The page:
Gay rights advocates in Washington were dealt another loss this week when a federal judge dismissed a challenge to the military’s “Don’t ask, Don’t tell” policy brought by a highly decorated Air Force nurse who was forced out of her job because she’s a lesbian.

According to The Associated Press, Air Force Reserve Major Margaret Witt, 42, of Spokane asked US District Judge Ronald Leighton to reinstate her, citing a US Supreme Court ruling striking down a Texas anti-sodomy law.

Mr Leighton refused and dismissed her case after finding that the Texas decision did not affect the constitutionality of “Don’t ask, Don’t tell,” the military’s policy prohibiting inquiries about the sex lives of service members but requiring the discharge of those who acknowledge being gay.

The AP reported that Ms Witt claimed that being discharged under the policy would violate her free-speech and due-process rights. Mr Leighton, however, rejected those claims.

The ruling came Wednesday, the same day the state Supreme Court upheld Washington’s ban on gay marriage.

“When it rains, it pours,” said Ms Witt’s attorney Doug Honig of the American Civil Liberties Union.

“Major Witt is much decorated and has saved people’s lives. The people she helped didn’t care about her sexual orientation.”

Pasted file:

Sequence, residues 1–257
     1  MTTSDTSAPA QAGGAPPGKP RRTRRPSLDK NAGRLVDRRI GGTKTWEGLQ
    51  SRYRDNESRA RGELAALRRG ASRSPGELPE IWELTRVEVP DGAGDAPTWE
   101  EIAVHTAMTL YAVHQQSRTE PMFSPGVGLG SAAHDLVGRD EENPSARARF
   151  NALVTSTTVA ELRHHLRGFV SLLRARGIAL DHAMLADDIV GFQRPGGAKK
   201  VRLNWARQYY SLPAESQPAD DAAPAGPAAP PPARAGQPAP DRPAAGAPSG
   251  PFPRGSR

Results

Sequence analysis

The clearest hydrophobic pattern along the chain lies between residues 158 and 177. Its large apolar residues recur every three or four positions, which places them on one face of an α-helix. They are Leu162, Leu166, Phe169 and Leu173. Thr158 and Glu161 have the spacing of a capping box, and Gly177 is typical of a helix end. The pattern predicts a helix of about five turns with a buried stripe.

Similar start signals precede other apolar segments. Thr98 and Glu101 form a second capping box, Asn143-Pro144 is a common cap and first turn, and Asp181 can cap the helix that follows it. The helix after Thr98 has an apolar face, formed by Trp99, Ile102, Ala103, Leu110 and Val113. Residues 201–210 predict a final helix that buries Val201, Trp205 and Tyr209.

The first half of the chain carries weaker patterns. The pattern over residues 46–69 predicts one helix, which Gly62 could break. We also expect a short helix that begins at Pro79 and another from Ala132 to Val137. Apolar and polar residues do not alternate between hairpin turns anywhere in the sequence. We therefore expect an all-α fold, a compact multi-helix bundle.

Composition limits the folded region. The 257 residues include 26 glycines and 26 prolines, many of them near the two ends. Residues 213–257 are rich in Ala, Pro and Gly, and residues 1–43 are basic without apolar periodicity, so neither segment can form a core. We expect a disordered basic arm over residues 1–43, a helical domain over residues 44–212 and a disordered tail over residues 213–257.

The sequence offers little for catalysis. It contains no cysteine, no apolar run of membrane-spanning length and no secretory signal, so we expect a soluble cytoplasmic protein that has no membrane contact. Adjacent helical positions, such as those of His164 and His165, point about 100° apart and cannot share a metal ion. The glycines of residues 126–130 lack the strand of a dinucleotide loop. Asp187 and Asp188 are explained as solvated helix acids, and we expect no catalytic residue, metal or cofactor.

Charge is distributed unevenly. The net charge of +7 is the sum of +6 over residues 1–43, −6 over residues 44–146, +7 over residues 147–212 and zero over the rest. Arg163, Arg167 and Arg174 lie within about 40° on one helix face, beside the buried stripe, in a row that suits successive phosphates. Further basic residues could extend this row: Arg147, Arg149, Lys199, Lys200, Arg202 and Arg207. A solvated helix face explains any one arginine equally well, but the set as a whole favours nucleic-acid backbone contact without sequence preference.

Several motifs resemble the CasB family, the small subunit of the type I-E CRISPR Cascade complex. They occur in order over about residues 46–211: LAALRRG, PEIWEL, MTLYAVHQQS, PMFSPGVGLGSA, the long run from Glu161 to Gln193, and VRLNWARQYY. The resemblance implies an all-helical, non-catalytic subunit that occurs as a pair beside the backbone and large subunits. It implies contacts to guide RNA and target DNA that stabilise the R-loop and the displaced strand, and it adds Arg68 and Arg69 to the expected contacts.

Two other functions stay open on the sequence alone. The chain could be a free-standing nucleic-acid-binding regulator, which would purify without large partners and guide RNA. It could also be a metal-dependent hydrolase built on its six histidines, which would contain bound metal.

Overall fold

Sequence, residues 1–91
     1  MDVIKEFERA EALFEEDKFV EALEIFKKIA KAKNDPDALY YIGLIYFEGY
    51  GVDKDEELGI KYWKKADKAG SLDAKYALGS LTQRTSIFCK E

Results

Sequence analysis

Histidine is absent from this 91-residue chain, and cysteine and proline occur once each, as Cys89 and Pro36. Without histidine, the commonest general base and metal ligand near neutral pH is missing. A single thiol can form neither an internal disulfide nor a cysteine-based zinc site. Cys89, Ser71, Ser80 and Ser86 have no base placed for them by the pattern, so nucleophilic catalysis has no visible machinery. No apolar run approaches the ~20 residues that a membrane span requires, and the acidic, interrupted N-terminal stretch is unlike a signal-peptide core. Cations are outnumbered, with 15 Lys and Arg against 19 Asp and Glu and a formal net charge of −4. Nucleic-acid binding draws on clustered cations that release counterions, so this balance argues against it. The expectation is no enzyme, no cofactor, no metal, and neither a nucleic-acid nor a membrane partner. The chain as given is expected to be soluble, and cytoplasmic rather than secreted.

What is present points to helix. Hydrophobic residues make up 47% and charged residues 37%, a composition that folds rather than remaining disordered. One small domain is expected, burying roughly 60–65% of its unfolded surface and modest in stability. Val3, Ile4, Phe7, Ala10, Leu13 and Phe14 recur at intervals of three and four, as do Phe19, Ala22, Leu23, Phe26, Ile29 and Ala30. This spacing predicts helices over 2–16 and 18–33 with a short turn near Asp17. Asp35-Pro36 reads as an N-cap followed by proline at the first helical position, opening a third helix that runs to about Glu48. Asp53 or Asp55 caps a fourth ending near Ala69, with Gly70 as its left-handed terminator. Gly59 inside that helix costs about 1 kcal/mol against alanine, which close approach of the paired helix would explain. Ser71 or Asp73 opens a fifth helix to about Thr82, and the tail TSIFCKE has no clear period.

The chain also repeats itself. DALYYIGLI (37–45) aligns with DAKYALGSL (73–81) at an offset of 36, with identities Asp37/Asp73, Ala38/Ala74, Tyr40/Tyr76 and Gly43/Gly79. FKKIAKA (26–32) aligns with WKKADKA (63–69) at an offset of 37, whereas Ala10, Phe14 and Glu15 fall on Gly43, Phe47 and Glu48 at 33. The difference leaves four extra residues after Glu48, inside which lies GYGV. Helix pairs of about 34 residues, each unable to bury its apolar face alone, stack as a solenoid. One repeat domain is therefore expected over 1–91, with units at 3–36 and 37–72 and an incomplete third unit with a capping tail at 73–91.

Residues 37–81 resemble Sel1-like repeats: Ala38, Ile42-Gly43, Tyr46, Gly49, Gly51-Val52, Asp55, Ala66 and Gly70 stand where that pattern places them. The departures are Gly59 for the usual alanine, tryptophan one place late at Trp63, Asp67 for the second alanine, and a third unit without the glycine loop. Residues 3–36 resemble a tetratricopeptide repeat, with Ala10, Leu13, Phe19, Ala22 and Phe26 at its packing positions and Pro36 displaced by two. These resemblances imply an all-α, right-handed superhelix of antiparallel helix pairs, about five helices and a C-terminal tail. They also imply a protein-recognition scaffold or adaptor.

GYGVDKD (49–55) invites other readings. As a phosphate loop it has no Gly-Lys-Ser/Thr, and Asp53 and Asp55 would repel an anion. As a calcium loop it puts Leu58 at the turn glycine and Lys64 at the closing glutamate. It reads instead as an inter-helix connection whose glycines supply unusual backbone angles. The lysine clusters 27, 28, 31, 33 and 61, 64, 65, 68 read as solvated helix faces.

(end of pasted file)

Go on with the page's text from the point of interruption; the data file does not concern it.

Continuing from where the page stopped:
Witt, a 19-year Air Force veteran who had been assigned to a medical evacuation squadron at McChord Air Force Base near Tacoma, was suspended without pay in late 2004 after the Air Force received an apparently anonymous tip that she had been in a long-term relationship with a civilian woman. Her discharge is pending; the Air Force has not yet scheduled a hearing she has requested to contest it.

“This court is not unsympathetic to the situation in which Major Witt currently finds herself,” Leighton wrote in his opinion. “Within the military context, she did not draw attention to her sexual orientation, and her colleagues value her contribution to their unit and apparently want her back. She has served her country faithfully and with distinction.”

However, he concluded, the U.S. Supreme Court’s 2003 ruling in Lawrence v. Texas, which struck down state statutes criminalizing gay sex as a violation of an individual’s right to sexual privacy, had no effect on the constitutional analysis of “Don’t ask, Don’t tell.” The policy has uniformly been upheld by the courts and remains valid, Leighton wrote.

“Don’t Ask, Don’t Tell represents a rational response to a legitimate government concern,” the judge said, the AP reported.

That concern is to avoid risks to unit cohesion posed by the presence of gays in the military, he said. The Air Force Reserve did not immediately return a call seeking comment.

© 2006 GayWired.com; All Rights Reserved.